A boy crossing a divided street - 2018 - Source Zaher Abdelmawla; A boy crossing a divided street - 2018 - Source Zaher Abdelmawla;

Architects in war zones: how to protect the future

Contemporary  warfare is no longer waged in trenches and on battlefields, but rather in cities, towns and villages. In the last two decades, from Syria and Iraq, to Yemen and Libya, we have witnessed how cities can be radically reshaped by intense and deliberate destruction of the built environment. But even during the destruction, there are some ways to support architects, engineers, planners and activists to save what remains of a places’ character, history and future.

Architecture might not seem an immediate priority in the middle of a war. But recent and ongoing conflicts in the Middle East show how monumental architectural artefacts  are wilfully targeted, to erase communities’ identity by destroying their history. The term ‘urbicide’, the deliberate targeting of the built environment, including residential areas, goes beyond historic buildings, and has been a feature of the eight-year war in Syria. It’s a cold, calculating attempt to reshape future life on the ground, in line with the dominant party’s own vision of the future.

Re-opened shop in a ruined building in Homs_ Source Zaher Abdelmawla Re-opened shop in a ruined building in Homs_ Source Zaher Abdelmawla
A shop reopens in a ruined building in Homs. Image source: Zaher Abdelmawla

Documenting the future

Despite a myriad of other day-to-day difficulties, architects in Syria have been attempting to respond. They’ve been mapping damage, protecting and documenting local heritage amid the ongoing damage and destruction. As a Syrian architect myself – from Homs, where over 50% of the city has been heavily destroyed – I have been researching how practitioners from outside the country could provide better support to architects on the ground. Here are some of the  ideas and priorities suggested by architects in Homs:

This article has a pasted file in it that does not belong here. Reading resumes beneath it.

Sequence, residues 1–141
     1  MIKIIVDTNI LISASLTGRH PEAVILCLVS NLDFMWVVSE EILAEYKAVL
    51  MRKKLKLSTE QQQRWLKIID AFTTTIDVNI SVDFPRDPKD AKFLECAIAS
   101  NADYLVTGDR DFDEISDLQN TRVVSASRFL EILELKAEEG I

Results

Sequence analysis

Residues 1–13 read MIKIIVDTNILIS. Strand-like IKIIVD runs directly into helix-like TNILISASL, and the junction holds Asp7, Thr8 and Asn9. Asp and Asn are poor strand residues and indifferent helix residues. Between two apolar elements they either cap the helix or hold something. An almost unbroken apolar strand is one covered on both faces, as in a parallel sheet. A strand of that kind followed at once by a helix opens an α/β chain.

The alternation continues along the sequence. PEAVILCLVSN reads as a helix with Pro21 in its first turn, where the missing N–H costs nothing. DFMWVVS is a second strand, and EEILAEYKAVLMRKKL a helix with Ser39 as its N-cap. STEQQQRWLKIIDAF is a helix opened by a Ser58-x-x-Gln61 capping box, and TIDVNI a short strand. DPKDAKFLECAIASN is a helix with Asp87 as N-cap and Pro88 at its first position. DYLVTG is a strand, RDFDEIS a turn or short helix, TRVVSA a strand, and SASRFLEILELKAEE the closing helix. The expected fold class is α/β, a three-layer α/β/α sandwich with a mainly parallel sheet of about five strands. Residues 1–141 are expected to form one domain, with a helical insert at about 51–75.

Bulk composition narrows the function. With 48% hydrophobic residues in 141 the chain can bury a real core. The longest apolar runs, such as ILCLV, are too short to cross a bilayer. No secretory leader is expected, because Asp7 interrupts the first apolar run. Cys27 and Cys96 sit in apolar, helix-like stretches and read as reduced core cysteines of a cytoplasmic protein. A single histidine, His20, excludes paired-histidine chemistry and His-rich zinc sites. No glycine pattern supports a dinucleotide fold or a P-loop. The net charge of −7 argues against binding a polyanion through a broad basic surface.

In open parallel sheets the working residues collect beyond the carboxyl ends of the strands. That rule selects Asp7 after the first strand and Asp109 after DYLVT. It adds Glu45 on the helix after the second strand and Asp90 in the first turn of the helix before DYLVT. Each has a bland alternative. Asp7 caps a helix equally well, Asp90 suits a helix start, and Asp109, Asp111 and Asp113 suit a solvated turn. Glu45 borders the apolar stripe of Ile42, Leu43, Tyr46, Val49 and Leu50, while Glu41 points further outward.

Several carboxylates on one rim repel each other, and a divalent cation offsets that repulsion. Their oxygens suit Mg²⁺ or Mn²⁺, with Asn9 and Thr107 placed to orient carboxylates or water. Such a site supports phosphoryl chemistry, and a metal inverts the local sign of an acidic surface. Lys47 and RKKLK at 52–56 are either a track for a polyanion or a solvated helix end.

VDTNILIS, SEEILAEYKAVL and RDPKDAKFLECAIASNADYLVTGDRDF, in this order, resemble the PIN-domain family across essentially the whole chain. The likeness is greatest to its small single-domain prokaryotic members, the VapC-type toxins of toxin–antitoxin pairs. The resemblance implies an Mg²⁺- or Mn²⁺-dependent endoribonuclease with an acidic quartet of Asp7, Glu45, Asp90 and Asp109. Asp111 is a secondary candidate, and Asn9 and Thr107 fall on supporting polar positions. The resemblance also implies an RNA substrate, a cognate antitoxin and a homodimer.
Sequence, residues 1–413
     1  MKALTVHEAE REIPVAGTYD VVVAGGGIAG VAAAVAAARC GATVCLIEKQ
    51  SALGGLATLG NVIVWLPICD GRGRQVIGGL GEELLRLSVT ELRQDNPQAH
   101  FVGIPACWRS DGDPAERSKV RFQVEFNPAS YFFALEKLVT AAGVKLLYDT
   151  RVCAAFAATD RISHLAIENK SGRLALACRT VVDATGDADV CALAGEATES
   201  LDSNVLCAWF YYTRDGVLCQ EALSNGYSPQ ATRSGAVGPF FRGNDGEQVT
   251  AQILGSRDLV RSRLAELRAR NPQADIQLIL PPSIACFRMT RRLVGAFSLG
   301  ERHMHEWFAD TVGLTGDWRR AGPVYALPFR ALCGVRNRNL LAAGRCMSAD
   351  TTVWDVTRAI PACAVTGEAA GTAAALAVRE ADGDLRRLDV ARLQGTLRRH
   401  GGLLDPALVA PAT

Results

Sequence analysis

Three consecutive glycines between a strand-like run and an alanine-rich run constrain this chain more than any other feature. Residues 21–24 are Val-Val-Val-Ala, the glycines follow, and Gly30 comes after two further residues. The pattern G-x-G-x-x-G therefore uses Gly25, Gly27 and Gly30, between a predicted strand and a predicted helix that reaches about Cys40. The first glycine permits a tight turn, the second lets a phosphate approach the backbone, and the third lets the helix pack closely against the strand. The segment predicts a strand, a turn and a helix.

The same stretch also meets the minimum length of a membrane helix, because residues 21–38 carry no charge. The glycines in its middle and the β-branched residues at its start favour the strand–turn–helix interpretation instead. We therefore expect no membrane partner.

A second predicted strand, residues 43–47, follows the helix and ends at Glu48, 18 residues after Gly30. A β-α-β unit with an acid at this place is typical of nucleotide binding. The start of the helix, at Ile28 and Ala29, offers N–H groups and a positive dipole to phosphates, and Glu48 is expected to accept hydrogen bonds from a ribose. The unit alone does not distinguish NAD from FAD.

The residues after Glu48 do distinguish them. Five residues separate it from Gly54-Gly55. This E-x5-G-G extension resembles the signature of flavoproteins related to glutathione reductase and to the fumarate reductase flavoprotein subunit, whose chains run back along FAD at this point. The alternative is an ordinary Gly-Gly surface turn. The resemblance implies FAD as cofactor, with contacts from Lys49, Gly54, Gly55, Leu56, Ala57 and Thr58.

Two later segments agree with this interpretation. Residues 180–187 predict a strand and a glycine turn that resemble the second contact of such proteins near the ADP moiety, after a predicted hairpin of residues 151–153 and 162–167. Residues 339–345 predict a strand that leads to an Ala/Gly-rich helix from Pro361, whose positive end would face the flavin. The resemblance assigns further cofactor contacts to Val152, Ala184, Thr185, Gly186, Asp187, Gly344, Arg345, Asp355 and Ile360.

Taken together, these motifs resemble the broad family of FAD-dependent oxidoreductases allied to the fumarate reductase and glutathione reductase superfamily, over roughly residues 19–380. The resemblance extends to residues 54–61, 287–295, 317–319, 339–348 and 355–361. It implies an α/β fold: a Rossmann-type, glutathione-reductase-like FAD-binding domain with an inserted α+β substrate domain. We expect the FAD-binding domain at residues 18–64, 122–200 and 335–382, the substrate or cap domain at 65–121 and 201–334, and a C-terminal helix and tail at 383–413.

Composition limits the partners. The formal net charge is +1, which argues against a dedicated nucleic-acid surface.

1. Form research collaborations and partnerships with universities outside the country. These can provide vital information and hope to architects in war zones, and will help young architects by reviewing their work and providing guidance. Such collaborations will enable local architects to access the latest research on the built environment, especially at times where many Syrian academics and scholars have fled the country, and will help academics and researchers outside Syria to understand urban and community resilience in warzones.

  2. Transfer knowledge through online workshops and academic courses. This could include a wide range of themes such as research methodologies, project management courses, and digital skills to collect and analyse data. 

  3. Develop online libraries to share learning materials, educational tools and project case studies. During the Syrian conflict students have had no access to online academic libraries, there is a need to create these libraries to learn about the emerging debates in the built environment. But what many architects noted was the need for knowledge on different cities that were destroyed and then rebuilt in the past (as Warsaw, Berlin and Beirut), to learn from these situations.

  4. Translate materials into local languages. It’s vital that architectural materials are in the local language, not lost to the local population because the NGOs involved use English for example. 

  5. Provide training opportunities outside the country, via conferences and other programmes.  These could include visits to cities that went through conflicts and were rebuilt in the past, and further explore how urban environments through the materialisation of reconstruction could either divide or bring people back together in war-torn cities. Other ideas could include training to use digital tools and technologies to achieve, document, 3D scan and map damage, focus groups on urban activism, and creation of community engagement platforms where architects can collect people’s needs and wants for the future reconstruction of Syria.


These are just a few of the ways that solidarity between practitioners in distant countries can be turned into tangible support. Despite the desperate nature of the context, these activities would allow architects to stay fully involved in their communities, perhaps more aware of how their discipline can alleviate some of the social, economic and development crises caused by war.

Architecture is a fundamental part of a city or town’s identity and a community’s history. By offering support to local architects from outside war-zones we can help those communities to retain a future that they recognise.